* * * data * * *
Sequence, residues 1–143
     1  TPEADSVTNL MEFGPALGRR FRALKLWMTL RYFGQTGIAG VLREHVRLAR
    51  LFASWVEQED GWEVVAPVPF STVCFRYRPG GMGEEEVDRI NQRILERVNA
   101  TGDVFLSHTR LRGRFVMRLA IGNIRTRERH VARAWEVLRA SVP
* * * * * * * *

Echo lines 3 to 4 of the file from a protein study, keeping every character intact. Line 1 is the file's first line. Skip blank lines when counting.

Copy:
    51  LFASWVEQED GWEVVAPVPF STVCFRYRPG GMGEEEVDRI NQRILERVNA
   101  TGDVFLSHTR LRGRFVMRLA IGNIRTRERH VARAWEVLRA SVP